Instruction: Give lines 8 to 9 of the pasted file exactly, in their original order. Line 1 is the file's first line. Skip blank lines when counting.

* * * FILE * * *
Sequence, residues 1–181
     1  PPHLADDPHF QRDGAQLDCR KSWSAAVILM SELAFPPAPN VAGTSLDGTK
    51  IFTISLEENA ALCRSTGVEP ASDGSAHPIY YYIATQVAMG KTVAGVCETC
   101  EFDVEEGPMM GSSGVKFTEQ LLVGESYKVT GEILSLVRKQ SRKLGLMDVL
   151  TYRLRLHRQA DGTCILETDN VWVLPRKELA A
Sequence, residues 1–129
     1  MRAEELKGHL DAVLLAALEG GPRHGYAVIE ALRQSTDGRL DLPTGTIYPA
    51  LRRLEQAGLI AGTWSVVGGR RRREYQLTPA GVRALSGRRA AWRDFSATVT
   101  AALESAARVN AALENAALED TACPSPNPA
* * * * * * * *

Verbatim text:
    51  LRRLEQAGLI AGTWSVVGGR RRREYQLTPA GVRALSGRRA AWRDFSATVT
   101  AALESAARVN AALENAALED TACPSPNPA